Walking into a supplement store is a lot like visiting a law office. The vocabulary is confusing, the experience is riddled with fine print and you can't help but wonder if you're being a little ripped off.
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When muscle gain is your top concern, it can be hard to know which supplements to choose, especially considering there are endless varieties and brands. Before anyone convinces you to invest hundreds of dollars, here's what you should know about four of the more popular muscle-building supplements.
Read more: How to Build Muscle in a Matter of Weeks
Whey Protein, Plant Protein and Casein
Protein is among the most frequently purchased supplements, whether it be for muscle gain or nutritional purposes. Research has consistently linked protein supplementation with enhanced muscle strength and size when combined with resistance training, according to a July 2017 review published in the British Journal of Sports Medicine.
While there are numerous varieties of protein, including soy protein, pea protein or casein — just to name a few — whey protein is your best bet if the goal is muscle gain. Whey is the primary protein found in dairy products, commonly a byproduct of the cheese-making process, according to the Mayo Clinic.
Unlike plant protein, whey protein is a complete protein, meaning it contains all of the essential amino acids your body needs for building muscle but cannot produce itself. Whey protein is also more effective in boosting testosterone than soy protein (another commonly used plant protein), which your body uses to trigger muscle growth, according to an April 2013 study published in the Journal of the American College of Nutrition.
Best for: Those who may not be hitting their daily protein intake from whole foods.
Creatine is one of the most widely researched supplements for building muscle mass. Creatine is an amino acid that is created by your liver, pancreas and kidneys and is stored in the muscles for energy, according to the Mayo Clinic.
Creatine supplements have been shown to increase strength and fat-free muscle mass when combined with resistance training, according to a July 2012 review published in BioMed Central. The study also found creatine may reduce fatigue in high-intensity exercise and increase muscle size when combined with protein and carbs.
However, as with many supplements, there are some potential side effects to keep in mind if you're considering taking creatine, including muscle cramping, diarrhea or gastrointestinal pain, according to the Mayo Clinic. Creatine pulls water into the muscle cells, so it can also cause water retention and, therefore, weight gain. Still, the weight gain due to creatine is water, not fat, as creatine doesn't have any calories.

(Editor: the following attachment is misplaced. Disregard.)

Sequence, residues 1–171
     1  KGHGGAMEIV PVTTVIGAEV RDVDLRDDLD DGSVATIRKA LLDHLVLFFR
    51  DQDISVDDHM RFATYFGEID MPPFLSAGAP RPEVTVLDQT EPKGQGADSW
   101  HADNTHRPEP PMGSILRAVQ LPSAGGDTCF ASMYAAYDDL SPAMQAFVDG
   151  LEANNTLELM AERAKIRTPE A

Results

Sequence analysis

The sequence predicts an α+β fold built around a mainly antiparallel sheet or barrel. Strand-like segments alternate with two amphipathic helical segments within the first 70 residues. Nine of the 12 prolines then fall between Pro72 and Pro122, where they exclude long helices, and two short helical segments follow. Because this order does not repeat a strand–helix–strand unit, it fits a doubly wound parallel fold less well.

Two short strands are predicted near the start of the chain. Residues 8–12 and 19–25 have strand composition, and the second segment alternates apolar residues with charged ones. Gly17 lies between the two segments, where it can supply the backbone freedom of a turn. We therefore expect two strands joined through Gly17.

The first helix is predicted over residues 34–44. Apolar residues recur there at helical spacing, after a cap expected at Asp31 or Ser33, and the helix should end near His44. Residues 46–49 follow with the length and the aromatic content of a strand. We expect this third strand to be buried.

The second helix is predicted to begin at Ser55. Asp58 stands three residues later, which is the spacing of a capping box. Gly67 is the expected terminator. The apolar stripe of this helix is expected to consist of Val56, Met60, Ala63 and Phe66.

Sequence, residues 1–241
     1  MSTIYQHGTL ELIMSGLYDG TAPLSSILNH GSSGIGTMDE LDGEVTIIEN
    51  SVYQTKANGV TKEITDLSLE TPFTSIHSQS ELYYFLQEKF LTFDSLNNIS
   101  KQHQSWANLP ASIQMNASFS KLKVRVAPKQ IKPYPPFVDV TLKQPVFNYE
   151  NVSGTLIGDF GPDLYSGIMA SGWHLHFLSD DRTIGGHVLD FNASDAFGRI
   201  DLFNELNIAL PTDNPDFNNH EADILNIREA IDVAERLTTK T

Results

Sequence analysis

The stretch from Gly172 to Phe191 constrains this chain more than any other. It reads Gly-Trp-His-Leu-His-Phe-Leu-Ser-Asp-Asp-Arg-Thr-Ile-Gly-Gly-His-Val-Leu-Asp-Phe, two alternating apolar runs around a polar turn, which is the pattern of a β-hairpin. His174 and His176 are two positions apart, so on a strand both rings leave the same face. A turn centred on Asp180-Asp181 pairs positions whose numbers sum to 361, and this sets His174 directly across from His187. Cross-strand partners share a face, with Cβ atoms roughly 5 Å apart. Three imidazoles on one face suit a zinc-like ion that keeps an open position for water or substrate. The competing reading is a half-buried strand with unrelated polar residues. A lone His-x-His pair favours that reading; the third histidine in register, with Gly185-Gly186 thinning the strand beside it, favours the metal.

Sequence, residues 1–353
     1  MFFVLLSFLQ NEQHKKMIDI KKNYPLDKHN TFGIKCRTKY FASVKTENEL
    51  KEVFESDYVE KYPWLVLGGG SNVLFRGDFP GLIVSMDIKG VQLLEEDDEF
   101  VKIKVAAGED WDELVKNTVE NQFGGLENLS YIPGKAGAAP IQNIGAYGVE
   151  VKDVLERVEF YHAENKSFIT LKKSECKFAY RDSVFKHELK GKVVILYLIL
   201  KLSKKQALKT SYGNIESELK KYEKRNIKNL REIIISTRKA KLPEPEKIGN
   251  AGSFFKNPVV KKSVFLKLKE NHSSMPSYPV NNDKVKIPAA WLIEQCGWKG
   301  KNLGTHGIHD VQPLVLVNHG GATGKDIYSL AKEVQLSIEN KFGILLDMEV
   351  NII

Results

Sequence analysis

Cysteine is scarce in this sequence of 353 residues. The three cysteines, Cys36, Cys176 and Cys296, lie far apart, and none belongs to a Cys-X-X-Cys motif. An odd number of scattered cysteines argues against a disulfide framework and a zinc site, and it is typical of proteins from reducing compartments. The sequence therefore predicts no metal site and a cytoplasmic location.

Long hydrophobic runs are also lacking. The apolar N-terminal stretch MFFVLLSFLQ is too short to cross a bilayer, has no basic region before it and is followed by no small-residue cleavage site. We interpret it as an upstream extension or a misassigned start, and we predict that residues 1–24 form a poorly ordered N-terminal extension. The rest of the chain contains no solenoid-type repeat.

Best for: People looking to visually increase muscle size and enhance strength and performance.
Beta-alanine is an amino acid frequently consumed in supplement form to promote muscle growth and enhance performance. It's naturally produced by the liver and increases levels of carnosine (a protein building block) in the muscle, according to an International Society of Sports Nutrition (ISSN) review published in July 2015.
When consumed in supplement form, beta-alanine has been shown to improve exercise performance and reduce muscle fatigue, according to the ISSN. But beta-alanine supplements are most effective when used strategically. In order to increase muscle carnosine, dividing a 6-gram dose into four equal doses is optimal, recommends the ISSN.
Another way to get the most out of your beta-alanine supplements is to pair them with your post-workout meal. Supplementing at mealtime helps to increase the muscles' absorption of carnosine, according to an August 2013 study published in Medicine & Science in Sports & Exercise.
That research also found that both slow-release and rapid-release beta-alanine supplements had the same effect on the body. So, if a store clerk tries to sell you on beta-alanine, know that either option can help with muscle gain.
Best for: People training for long durations or who experience muscle fatigue while exercising.
Read more: The 5 Best Preworkout Supplements and 4 to Avoid
- BMJ: "A systematic review, meta-analysis and meta-regression of the effect of protein supplementation on resistance training-induced gains in muscle mass and strength in healthy adults"
- Mayo Clinic: "Whey Protein"
- Amino Acids: "Protein content and amino acid composition of commercially available plant-based protein isolates"
- Mayo Clinic: "Creatine"
- Biomed Central: "Creatine supplementation with specific view to exercise/sports performance: an update"
- Journal of Physiology: "NCBINCBI Logo Skip to main content Skip to navigation Resources How To About NCBI Accesskeys PubMed US National Library of Medicine National Institutes of Health Search databaseSearch term Search AdvancedHelp Result Filters Format: AbstractSend to J Physiol. 2012 Jun 1;590(11):2751-65. doi: 10.1113/jphysiol.2012.228833. Epub 2012 Mar 25. Supplementation of a suboptimal protein dose with leucine or essential amino acids: effects on myofibrillar protein synthesis at rest and following resistance exercise in men."
- International Society of Sports Nutrition: "International society of sports nutrition position stand: Beta-Alanine"
- Journal of the American College of Nutrition: "The effects of soy and whey protein supplementation on acute hormonal reponses to resistance exercise in men."
- Medicine & Science in Sports & Exercise: "Meal and Beta-Alanine Coingestion Enhances Muscle Carnosine Loading"